by Sam Juliano
The white stuff has been making repeated visits over the past two weeks to those residing in the mid-west and the northeast. Those who closely follow the weather forecasts will no doubt point to the Farmer’s Almanac, which predicted quite a while back that 2013-14 would bring the full wrath of Father Winter. In any case, it does raise the prospects for the always-elusive White Christmas, and gives people the chance to spend some quality time indoor with the family. Those aiming to do some late shopping will have to deal with traffic and the elements, however.
Interest in the upcoming ‘Best Romantic Films of All-Time’ countdown has been acute, what with readers passionate and active in the site comment sections. E mails have not yet been sent out to the anticipated participants, but will be later this week. The ballots are due by April 1st, and the actual countdown will launch later that month.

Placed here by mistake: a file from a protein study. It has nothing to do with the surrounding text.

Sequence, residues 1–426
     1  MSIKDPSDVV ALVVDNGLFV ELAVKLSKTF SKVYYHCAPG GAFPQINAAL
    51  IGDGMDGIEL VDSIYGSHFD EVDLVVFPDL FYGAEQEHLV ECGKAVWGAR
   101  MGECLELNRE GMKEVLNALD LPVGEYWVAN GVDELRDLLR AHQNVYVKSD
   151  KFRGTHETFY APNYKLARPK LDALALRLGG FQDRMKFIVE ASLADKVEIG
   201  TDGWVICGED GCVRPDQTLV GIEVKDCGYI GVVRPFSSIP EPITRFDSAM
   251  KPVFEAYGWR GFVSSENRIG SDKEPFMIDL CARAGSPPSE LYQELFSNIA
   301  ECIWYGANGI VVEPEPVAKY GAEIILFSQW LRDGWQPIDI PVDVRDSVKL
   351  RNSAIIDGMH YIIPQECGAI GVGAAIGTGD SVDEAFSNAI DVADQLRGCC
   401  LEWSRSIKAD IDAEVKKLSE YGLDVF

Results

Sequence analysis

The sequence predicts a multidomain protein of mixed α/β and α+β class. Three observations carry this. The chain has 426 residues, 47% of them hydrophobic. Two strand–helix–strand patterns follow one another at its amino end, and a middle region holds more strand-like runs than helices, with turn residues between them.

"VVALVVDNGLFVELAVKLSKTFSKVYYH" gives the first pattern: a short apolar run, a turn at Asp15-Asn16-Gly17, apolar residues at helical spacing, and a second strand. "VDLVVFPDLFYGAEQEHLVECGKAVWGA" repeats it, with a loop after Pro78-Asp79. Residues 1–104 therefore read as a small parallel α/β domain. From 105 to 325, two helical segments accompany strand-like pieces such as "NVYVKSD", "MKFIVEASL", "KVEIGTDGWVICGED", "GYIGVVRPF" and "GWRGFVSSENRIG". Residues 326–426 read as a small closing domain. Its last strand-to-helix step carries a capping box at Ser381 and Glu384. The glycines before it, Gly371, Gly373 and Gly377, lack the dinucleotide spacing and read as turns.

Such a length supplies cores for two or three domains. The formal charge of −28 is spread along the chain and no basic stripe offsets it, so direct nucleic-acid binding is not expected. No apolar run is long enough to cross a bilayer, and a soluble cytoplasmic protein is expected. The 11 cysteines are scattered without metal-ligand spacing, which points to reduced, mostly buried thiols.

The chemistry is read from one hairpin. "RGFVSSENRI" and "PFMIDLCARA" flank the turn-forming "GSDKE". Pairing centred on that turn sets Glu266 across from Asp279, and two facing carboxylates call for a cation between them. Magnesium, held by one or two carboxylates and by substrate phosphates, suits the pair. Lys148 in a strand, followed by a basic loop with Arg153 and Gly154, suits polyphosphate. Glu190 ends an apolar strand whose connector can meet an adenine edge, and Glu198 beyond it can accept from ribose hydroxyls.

Lucille and I had an extremely active week. First off, on Wednesday evening we took in the December marching band concert in the Cliffside Park High School Auditorium. Sammy has played the baritone for three years, while freshman Danny is a member of the concert chorus. Some holiday and popular favorites were offered up in a festive and spirited two hour concert.
On Thursday morning, teachers and students from the #3 School Annex was bused down to Union City High School to take in a performance of Peter Pan by the upper-grade students. All told an amazing production with some splendid performances by the spirited members of the high school drama club, in the stunning new auditorium in the two block sized brand new Abbot District school that is a full block in size, four stories and the athletic field and bleachers on the roof.